Failure to achieve urate targets in gout may have more to do with innate resistance or under-dosing than with poor adherence to the allopurinol regimen.
Stamp LK, Merriman TR, Barclay ML, et al., Impaired Response or Insufficient Dosage? – Examining the Potential Causes of ”Inadequate Response” to Allopurinol in the Treatment of Gout. Semin Arth Rheum. (2014) Accepted Manuscript (e-pub ahead of print )
When gout patients don’t achieve target serum urate levels, it’s often blamed on non-adherence. But instead the real cause may be under-dosing of allopurinol (Zyloprim) or the body’s inability to properly metabolize the drug, say researchers from New Zealand.
The common therapeutic target in gout is a serum urate of under 0.36 mmol/l (or 6 mg/dL), but many patients never reach that level even when they stick with the standard dose of 300 mg a day or less of allopurinol -- or even with double that dose.
While studies indicate that less than half of gout patients adhere to their treatment regimens, as many as 80% of patients don’t reach serum urate targets because may be “partially resistant” to the xanthine oxidase inhibitor (XOI), the researchers speculate.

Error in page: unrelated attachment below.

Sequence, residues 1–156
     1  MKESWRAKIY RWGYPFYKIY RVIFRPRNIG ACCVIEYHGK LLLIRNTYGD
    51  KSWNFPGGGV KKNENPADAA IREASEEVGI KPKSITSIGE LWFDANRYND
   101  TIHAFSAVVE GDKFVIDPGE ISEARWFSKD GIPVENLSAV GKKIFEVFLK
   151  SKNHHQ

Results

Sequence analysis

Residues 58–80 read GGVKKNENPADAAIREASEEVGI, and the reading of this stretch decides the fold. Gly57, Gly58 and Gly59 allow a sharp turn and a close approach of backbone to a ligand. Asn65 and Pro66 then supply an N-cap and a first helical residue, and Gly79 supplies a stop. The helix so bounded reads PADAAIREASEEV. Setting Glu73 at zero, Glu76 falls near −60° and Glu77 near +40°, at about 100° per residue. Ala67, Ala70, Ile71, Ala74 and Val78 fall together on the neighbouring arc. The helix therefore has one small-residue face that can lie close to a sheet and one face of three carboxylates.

Possible mechanisms include reduced conversion of allopurinol to oxypurinol in the body, decreased uric acid excretion by the kidneys, or even abnormalities of XO itself that make the drug less effective.
Some clinicians may give lower doses of allopurinol to patients with renal impairment, but a subgroup of gout patients require doses over 400 mg a day because their bodies don’t absorb the drug properly for genetic reasons.
In other cases, patients may be taking medications for co-existing conditions such as hypertension (e.g. the loop diuretic furosemide) that interact with allopurinol. Those patients may need an alternate urate lowering drug such as febuxostat (Uloric).
Research by the same group has shown that more than half of gout patients can achieve the common therapeutic target with doses higher than of 450 mg of allopurinol a day.